Our global network of Greenpeace volunteers is feeling closer and closer as technology draws us in, giving us news ways to connect and communicate. Things move and change fast in this new world, and our potential is exhilarating. More and more, environmentalists are thinking deeply about how we can work together internationally to win big and solve these borderless, international problems which are affecting all of us. Many believe we are now at a crossroads. For those who choose - it’s an opportunity to join the movement in creating a community of global leaders who are working collectively, using regional expertise, to create visions and plans to solve the environmental crisis around the world. Community or “grassroots” campaigners have been popping up all over the world for years now, but today, these passionate people are connecting live and direct, more than ever before.
This week was the first session of Greenpeace’s Group Leadership 101 ... the International Volunteer Lab's online, weekly training course spanning over 7 weeks. As part of the core curriculum team, I am proud to tell you all about it.
We connected for the first time on a Tuesday night (Wednesday for some) and bonded over our passions, and our drive to work or volunteer with Greenpeace. There was an awesome combination of almost 30 Local Group volunteers and staff joining the course from Canada, New Zealand, Australia, Mexico, Brazil, Argentina and the US.
From Canada, We have volunteers participating from coast to coast in Victoria, Medicine Hat, Winnipeg, Sudbury, Toronto, Newfoundland and Montreal! WOW! This is a first for us. It was a fun start to what I know is going to be a really great learning experience and experiment in online volunteer training and improved collaboration between other Greenpeace offices around the globe.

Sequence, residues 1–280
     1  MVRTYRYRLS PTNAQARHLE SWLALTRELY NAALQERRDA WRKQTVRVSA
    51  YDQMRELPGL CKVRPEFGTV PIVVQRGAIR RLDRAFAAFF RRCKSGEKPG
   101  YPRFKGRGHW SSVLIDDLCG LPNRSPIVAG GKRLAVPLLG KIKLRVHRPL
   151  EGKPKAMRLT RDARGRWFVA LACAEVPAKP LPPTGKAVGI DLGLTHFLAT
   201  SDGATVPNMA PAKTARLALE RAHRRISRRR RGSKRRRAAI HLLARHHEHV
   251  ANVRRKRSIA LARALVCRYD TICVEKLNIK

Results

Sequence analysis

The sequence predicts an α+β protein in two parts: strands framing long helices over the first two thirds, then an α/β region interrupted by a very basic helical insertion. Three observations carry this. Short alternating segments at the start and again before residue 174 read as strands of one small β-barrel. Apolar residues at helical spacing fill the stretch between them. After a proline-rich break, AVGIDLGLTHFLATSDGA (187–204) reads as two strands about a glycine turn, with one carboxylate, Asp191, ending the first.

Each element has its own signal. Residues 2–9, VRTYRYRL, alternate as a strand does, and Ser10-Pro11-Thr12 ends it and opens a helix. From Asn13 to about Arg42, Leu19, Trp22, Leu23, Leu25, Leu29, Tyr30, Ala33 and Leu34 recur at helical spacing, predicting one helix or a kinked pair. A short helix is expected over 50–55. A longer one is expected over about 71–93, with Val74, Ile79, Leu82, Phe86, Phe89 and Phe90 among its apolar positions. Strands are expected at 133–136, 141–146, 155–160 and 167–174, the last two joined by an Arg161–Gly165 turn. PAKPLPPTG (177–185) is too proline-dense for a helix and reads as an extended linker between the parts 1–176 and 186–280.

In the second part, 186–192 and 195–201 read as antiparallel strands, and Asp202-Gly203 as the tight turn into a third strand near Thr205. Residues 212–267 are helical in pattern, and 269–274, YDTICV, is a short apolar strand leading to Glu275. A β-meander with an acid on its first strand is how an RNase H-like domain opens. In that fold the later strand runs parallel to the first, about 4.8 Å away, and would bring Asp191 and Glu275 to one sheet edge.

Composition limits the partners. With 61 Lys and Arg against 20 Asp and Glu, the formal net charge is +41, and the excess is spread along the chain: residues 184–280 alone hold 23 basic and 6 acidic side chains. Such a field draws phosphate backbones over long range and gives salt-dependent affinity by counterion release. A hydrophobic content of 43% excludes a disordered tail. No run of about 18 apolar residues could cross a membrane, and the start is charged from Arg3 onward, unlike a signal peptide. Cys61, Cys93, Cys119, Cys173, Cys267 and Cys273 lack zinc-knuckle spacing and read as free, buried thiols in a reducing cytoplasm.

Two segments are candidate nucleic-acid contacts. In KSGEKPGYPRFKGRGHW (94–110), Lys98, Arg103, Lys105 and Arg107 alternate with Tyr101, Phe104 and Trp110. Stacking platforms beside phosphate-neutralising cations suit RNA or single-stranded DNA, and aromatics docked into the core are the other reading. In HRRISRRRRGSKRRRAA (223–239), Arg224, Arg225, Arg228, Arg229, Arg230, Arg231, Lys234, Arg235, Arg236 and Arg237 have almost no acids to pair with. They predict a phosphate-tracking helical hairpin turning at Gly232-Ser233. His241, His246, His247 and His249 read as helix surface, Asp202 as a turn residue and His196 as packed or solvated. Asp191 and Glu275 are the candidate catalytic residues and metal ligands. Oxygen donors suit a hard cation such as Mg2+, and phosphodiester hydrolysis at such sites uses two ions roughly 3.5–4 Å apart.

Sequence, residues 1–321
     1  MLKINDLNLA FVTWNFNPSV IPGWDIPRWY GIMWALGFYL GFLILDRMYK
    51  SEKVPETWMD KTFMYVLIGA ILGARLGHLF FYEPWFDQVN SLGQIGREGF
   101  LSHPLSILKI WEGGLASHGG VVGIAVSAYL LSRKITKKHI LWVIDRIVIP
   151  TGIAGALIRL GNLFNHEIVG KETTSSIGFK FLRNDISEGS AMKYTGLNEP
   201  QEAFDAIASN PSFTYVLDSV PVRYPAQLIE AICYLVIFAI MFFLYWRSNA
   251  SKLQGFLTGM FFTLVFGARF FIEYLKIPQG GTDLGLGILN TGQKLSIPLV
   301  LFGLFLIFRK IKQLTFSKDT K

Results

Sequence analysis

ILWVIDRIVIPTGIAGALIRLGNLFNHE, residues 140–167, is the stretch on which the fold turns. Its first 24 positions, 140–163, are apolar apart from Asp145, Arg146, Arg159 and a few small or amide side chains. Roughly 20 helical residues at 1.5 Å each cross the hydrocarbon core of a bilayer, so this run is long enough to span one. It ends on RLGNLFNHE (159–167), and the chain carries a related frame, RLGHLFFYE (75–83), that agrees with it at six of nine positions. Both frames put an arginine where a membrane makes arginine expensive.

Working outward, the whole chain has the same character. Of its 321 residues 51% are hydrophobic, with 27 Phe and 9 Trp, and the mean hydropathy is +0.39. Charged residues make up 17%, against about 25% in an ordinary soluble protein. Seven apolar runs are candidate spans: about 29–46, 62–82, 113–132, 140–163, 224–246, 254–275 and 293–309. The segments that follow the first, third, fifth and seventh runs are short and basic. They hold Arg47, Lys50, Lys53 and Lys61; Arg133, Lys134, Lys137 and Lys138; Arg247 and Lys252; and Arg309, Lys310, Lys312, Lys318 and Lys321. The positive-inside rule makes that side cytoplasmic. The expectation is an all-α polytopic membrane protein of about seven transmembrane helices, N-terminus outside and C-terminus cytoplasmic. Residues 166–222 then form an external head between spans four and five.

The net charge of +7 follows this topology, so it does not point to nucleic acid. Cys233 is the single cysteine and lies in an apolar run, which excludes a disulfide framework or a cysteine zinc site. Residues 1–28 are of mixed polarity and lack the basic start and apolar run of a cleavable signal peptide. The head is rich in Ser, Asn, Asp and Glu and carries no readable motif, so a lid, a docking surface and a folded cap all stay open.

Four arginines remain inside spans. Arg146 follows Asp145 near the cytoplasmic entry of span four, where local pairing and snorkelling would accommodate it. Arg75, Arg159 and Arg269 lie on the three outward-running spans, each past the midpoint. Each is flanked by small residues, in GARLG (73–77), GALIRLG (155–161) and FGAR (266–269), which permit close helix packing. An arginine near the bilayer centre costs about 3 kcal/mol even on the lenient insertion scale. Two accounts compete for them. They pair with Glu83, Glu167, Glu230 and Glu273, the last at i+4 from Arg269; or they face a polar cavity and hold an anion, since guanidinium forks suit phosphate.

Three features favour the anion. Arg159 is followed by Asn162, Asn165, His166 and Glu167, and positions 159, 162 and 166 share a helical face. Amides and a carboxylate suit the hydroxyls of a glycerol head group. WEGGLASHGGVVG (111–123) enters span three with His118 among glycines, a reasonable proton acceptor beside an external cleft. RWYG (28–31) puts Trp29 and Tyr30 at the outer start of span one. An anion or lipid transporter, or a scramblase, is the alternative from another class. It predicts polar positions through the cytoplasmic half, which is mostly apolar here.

We are using COURSEsites, which is a free and interactive platform for online learning, and it comes highly recommended. The course consists of weekly video workshops; break out group discussions, and practical assignments for people to apply what they are learning to their individual Local Groups. Trainers range from Greenpeace professionals, volunteers, and training specialists from other organizations around the world.
Sharing ideas about what it means to be a strong leader, contemplating course norms, and diving deeper into cross-culture communications were some of the highlights from this first session. There were many well-articulated comments which people shared on what “good leadership” means - among them being one that really resonated with me:
“Leadership is making people feel comfortable sharing ideas and to feel supported, to be the tireless voice of a shared vision and to work hard to help bring that vision to life.”
~ Helen Barron (Local Group Organizer in Medicine Hat, Alberta)
The next seven weeks are going to be really special for me. It’s not often I have to opportunity to skill share (for an hour and half) with other likeminded activists around the world. It’s these unique opportunities that make Greenpeace a driver of social and environmental change, and I really hope to share what I learn with my team here at home, as well as continue to organize more of these experiences for others.
If you are interested in learning more about Greenpeace training opportunities in the future, please contact one of our regional volunteer organizers.
To learn more about Greenpeace Local Groups in Canada, be sure to read more here.
National Volunteer Program Coordinator in Canada